How to cut first column (variable length) of a string in shell

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How to cut first column (variable length) of a string in shell ?

ex of string :

23006 help.txt

I need 23006 as output

Many ways:

cut -d' ' -f1 <filename # If field separator is space
cut -f1 <filename  # If field separator is tab
cut -d' ' -f1 <filename | cut -f1  # If field separator is space OR tab
awk '{print $1}' filename
while read x _ ; do echo $x ; done < filename

linux, Many ways: cut -d' ' -f1 <filename # If field separator is space cut -f1 <filename # If field separator is tab cut -d' ' -f1 <filename | cut -f1 # If field separator is space  Stack Overflow for Teams is a private, secure spot for you and your coworkers to find and share information. Learn more Shell script : How to cut part of a string

cut -d " " -f1 test.txt

where test.txt contains your input line

cut command in Linux with examples, Engineering, Sorting, SQL, Stack, Strings, Tableau, Technical Scripter, TechTips, test_cat_june It can be used to cut parts of a line by byte position, character and field. Above cut command prints first seven characters of each line from the file. Most unix files doesn't have fixed-length lines. Linux-Shell-​Commands. Output the third through the last characters of each line of the file file.txt, omitting the first two characters. cut -d ':' -f 1 /etc/passwd. Output the first field of the file /etc/passwd, where fields are delimited by a colon (':'). The first field of /etc/passwd is the username, so this command will output every username in the passwd file.

This one works for me

cut -d' ' -f2-

7 UNIX Cut Command Examples of How to Extract Columns or , Learn how to use the Cut command to extract a vertical selection of columns or fields The following UNIX cut example will extract the first column of the class file: Do you need to learn UNIX or Linux, including how to read and write shell​  1. Select Column of Characters. To extract only a desired column from a file use -c option. The following example displays 2nd character from each line of a file test.txt. $ cut -c2 test.txt a p s. As seen above, the characters a, p, s are the second character from each line of the test.txt file. 2.

Grabbing the first [x] characters for a string from a pipe, One way is to use cut : command This will give you the first 8 characters of each line of output. <(command) , your characters will be in the shell variable REPLY . To build a string of variable length of characters has its own question here. +1 Don't mess with cryptic external utilities when the shell has built-in syntax for this. Maybe explore "${var##*:}" if you don't need to be portable to older shells. But don't omit the double quotes around variable interpolations unless you are specifically looking for whitespace tokenization. – tripleee Sep 6 '13 at 5:43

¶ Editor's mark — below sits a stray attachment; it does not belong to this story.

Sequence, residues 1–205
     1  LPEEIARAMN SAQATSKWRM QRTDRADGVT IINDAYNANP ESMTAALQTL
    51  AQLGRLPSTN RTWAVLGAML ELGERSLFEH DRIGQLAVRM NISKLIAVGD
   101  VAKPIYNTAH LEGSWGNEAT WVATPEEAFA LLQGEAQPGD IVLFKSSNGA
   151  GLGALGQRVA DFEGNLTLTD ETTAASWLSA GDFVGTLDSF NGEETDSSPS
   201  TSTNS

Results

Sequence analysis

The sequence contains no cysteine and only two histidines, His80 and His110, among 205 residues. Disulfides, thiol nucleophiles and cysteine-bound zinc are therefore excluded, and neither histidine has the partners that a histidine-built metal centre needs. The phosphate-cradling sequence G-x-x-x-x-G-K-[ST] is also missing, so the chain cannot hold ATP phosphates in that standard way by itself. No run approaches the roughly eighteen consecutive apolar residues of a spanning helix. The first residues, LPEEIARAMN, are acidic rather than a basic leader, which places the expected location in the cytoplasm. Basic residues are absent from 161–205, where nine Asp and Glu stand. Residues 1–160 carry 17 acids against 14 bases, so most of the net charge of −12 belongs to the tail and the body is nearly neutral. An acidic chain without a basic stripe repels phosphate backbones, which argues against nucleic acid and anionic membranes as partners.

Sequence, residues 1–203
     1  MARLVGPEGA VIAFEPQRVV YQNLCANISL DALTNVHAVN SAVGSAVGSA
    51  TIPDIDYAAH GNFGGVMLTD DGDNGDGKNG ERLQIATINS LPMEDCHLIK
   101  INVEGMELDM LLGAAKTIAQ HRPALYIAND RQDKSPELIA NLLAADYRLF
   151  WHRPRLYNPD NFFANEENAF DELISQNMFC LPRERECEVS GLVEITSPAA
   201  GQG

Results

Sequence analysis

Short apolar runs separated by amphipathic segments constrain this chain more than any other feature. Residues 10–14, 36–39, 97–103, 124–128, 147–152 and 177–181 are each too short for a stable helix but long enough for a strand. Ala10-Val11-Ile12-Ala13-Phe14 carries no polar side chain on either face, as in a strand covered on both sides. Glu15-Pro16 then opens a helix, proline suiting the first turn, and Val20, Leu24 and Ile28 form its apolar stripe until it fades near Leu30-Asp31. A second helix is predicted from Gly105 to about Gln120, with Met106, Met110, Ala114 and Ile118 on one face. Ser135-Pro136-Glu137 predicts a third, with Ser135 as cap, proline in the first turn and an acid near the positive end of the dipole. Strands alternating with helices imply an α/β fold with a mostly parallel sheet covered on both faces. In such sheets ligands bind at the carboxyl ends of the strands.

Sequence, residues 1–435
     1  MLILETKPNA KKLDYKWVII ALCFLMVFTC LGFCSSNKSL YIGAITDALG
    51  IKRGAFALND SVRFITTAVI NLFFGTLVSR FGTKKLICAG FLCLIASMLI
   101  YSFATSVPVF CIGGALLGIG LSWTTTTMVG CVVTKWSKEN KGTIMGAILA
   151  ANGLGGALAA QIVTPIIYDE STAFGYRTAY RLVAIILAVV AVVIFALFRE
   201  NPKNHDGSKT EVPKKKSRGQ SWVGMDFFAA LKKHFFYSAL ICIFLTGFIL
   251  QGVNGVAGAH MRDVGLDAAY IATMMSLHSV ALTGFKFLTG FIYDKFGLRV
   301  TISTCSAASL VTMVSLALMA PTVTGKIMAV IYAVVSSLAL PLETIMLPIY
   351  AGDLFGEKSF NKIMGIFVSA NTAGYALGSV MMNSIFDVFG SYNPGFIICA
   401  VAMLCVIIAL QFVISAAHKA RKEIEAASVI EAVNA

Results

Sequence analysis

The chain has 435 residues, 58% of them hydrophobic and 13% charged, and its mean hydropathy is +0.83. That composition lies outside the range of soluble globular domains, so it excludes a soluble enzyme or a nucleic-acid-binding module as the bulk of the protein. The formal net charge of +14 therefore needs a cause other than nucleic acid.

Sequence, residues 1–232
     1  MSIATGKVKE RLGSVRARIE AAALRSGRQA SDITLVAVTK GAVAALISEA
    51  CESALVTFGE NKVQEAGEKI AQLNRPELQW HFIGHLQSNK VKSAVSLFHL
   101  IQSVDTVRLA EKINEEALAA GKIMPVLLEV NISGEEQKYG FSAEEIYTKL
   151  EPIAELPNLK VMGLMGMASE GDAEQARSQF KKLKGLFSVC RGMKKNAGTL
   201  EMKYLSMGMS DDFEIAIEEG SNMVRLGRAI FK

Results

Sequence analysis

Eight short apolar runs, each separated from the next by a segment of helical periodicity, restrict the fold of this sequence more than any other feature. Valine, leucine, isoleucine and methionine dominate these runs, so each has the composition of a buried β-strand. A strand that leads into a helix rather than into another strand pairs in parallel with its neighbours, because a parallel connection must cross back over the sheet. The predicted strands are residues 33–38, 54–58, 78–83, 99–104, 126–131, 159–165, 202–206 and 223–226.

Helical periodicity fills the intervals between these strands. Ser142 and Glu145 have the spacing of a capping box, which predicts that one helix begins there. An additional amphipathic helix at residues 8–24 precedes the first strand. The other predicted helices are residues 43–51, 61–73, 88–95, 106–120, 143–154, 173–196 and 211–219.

Substrings in Bash, When you plug in the variables (both the string and the flags), Bash will return to Keep in mind that the cut command is not 0-indexed, so the first item in the list indicates the starting index of the substring and L is the length of the substring. awk '{ print $2 }' Gets the second column of the file. rev prepares the string (reverses it). I don't think cut can remove last N characters, so this thing removes first N chars from the reversed string. cut -c 8-Removes the first 7 characters from the string. (found out by trial and error, needs verification)

10 Practical Linux Cut Command Examples to Select File Columns, Linux command cut is used for text processing. The following example displays only first field of each lines from grep "/bin/bash" /etc/passwd | cut -d':' -s -f1,6,7 --output-delimiter='#' The length of the link may change. I am parsing a very large csv file, where the entry of column 26 has to be of length 10. I can see that there are cases where there are no entries (which is fine), but also cases where the entries have length less than 10 or greater than 10, that has to be erroneous.

  • Somehow, with the cut option, when I piped in ps output, the only entries in the displayed results were the ones with the first column (as meant by the OP) being of length 5 and the ones with length 3 or 4 were not. There was a blank area before the displayed output, I guess this space is equal in line numbers (term height) as the above mentioned lines, with hidden 3 / 4 char wide first column entry. The awk way worked fine.
  • ps gives a formatted output. (like printf %5d would give.) So, when cut is using space as the delimiter, it sees the leading space (for smaller PID numbers) as delimiters. Hence it prints everything before the first space (which is nothing in that case.)
  • ah that makes sense, thanks.